Arkansas move

Greetings from Northwest Arkansas!

Life has changed dramatically since I last wrote. In the past several months we have packed up all our worldly possessions, driven approximately 1,600 miles through six states, and have begun settling into life in a very different space and culture.

The day we set out on this journey was possibly one of the most stressful days of my life. We had been prepping for the move for several weeks; collecting free cardboard boxes here and there, packing up that which we treasured or could not live without, and getting rid of stuff we didn’t want to move. I had reserved a moving truck for the Monday after Thanksgiving and we were planning on loading it up and then driving to Arkansas that week. However, as Josh watched the weather reports for the various places we were going to be driving through, he began to worry about a big winter storm projected to hit Wyoming that week. Considering that this was the end of November/early December, we weren’t confident that the weather would necessarily improve for our momentous journey, so we decided to speed up our timeline and leave as soon as we could. I was able to change our moving truck reservation to that Saturday, and we had some friends come over to help us load it up. I should also mention that Josh’s mom, Kathy, had come to town to help us, which was very helpful. We hauled some proverbial ass getting the moving truck loaded up.

I’d also like to mention that there were about four hundred million administrative things to do to get ready to move. Giving notice to our jobs, filling out paperwork for Milo’s day care, cancelling various services, as well as finding new homes for my many creatures (ex. Lizzy the bearded dragon and her roach colony went to a nice family). So there was a lot of intense lead up to this Saturday moving day. And of course, we began moving day very early in the morning. Oh, and another thing that I occupied myself with was preparing for a long road trip with a toddler and a cat. Josh was slated to drive the moving truck, Kathy would drive our pickup, and I drove our Jeep with Milo and Kiko. I was definitely worried that driving 1,600 miles with a toddler and cat in a small enclosed space would not be very relaxing. I prepared little gift bags of little toys and things I found at the dollar store to occupy Milo. I also downloaded five seasons of Paw Patrol, but I was hoping for Milo to spend more time looking at books and doing various activities rather than just zoning out with a screen. But this was also a unique situation that we basically needed to survive.

Anyway, so it was a lot of work getting ready to move across the country and the day we loaded up the moving truck was the climax of this frantic busyness and go-go-go. Early in the day, Milo did a great job of helping but as the hours passed he became less and less helpful. Around about noon, I decided to have Milo relax in the bedroom with some Paw Patrol. At this point, there was only a mattress in the room. I also put Kiko in there with her litter box, to keep both of my babies out of the way and contained. As we got closer to 1:00, Josh and I began to discuss how I should probably leave a bit early so that we could hit Milo’s ideal nap time and get to our first stop in Utah before night. We cranked up the pace of our work to make this happen. At some point, I went into the bedroom to check on my babies and discovered that Milo had dumped the litter box out onto the bed, had thrown litter everywhere, and was jumping on the litter covered bed. I thought I was going to lose my mental sanity. It was decided that I would be leaving with Milo and Kiko immediately, while Kathy and Josh finished up the last of the loading. I don’t know that I’ve ever felt more stressed out than when I was trying to secure Milo in his car seat after the litter incident and he was yelling at me for taking him away from the fun cat litter. I got into the driver’s seat with my toddler having an epic tantrum and the cat freaking out in her carrier next to me, and it seemed like my whole body was shaking from stress and anxiety. After we hit the freeway and Milo fell asleep for a nap, it took me several hours to relax, all the while Kiko was meowing with her own anxiety.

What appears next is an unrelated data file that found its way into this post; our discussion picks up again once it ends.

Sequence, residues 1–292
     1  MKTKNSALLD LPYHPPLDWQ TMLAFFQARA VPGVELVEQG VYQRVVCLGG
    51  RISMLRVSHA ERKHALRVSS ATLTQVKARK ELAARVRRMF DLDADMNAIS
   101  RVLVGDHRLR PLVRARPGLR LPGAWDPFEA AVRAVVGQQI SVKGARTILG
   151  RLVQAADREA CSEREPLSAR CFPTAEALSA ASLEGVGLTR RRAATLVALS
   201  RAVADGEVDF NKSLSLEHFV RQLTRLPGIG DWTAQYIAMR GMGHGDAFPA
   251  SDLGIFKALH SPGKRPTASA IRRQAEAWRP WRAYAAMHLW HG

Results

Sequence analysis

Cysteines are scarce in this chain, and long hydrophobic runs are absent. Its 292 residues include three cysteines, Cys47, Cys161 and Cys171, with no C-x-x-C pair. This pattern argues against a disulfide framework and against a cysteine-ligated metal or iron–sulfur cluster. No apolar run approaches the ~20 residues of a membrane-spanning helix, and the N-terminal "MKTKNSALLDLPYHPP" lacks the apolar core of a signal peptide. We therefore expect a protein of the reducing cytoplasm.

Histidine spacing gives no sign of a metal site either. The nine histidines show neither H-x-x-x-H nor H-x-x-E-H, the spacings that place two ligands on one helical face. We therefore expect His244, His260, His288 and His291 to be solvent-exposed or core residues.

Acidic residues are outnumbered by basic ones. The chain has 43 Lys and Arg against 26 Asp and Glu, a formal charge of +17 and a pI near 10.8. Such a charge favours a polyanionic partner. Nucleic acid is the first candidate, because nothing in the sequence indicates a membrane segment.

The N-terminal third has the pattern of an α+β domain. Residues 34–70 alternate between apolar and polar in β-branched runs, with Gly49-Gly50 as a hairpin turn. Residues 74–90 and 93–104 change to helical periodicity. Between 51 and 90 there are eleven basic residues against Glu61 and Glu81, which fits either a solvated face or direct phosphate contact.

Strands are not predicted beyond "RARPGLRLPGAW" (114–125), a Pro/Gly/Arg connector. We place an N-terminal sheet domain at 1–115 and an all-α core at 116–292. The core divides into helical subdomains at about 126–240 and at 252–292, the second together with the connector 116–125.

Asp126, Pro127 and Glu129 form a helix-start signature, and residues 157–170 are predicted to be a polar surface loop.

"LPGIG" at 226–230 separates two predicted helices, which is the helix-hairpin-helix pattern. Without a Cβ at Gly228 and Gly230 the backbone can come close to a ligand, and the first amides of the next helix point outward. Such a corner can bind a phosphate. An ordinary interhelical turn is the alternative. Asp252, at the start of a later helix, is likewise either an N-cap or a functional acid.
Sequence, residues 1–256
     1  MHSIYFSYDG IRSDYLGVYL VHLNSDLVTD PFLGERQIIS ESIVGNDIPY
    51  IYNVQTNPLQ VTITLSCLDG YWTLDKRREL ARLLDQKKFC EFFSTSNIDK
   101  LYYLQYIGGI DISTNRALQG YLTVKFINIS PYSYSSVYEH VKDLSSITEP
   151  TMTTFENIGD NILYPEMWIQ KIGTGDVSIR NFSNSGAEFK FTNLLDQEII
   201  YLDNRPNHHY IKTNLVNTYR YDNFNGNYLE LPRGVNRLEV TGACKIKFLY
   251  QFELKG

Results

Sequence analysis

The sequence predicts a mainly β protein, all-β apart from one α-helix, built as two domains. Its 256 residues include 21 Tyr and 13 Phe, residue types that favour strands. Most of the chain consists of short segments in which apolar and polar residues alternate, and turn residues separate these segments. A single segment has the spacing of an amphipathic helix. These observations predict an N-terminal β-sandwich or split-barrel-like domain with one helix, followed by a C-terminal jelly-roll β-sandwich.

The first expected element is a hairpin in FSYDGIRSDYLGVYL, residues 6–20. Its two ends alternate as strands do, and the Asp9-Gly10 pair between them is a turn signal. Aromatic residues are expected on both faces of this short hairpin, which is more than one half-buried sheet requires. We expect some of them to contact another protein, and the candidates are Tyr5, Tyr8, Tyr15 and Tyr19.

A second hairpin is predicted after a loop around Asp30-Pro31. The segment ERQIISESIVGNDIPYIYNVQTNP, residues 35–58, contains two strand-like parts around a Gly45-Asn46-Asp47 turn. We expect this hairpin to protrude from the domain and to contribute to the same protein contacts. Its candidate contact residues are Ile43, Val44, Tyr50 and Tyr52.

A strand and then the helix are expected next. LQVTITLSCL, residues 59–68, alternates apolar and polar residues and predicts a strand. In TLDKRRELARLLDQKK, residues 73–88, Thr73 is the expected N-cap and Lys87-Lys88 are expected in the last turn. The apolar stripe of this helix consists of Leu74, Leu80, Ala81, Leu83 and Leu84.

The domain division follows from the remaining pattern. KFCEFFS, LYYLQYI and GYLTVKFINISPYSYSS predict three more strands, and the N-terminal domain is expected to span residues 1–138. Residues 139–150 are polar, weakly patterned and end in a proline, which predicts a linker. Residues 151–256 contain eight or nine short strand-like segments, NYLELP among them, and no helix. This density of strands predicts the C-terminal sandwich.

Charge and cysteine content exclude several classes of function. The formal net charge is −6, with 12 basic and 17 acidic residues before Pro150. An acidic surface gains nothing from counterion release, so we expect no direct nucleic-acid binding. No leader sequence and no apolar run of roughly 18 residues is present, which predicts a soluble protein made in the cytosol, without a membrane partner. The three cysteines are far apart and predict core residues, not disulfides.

That first day, we drove down to a town in Utah where Kathy’s brother and his wife live and we were able to stay with them that night. That was a good start to our journey because they had a lovely home and she is a wonderful cook. The next day, we drove through Wyoming and avoided the blizzard that would hit the following day. The day after that, we drove through Colorado, and the day after that, Kansas, Missouri, and landed in Northwest Arkansas.

Capture.PNG

The main thing that made this transition feasible for us is that Josh’s dad, Jim has a spare house that we are able to live in until we get our ducks in a row. Jim has several acres of land in the countryside and we are able to stay in this modular house on his property. The house is very comfortable and actually has a nice layout. It also has two bathrooms, which is amazing after living in a one bathroom house for so many years.

Our house in Boise has been on the market for a little over a month. I had really hoped that it would be sold by now, but maybe that was wishful thinking. Putting it up for sale a few weeks before Christmas was probably silly. Josh and l have been diligently job hunting. He has a second interview tomorrow and I have an interview later this week. Although, I admit that I’ve been enjoying spending so much time at home with Milo and have entertained the idea of being a stay-at-home mama for a bit.

I’ll write more about our new life in Arkansas but overall it has been wonderful and I’m glad that we made this move.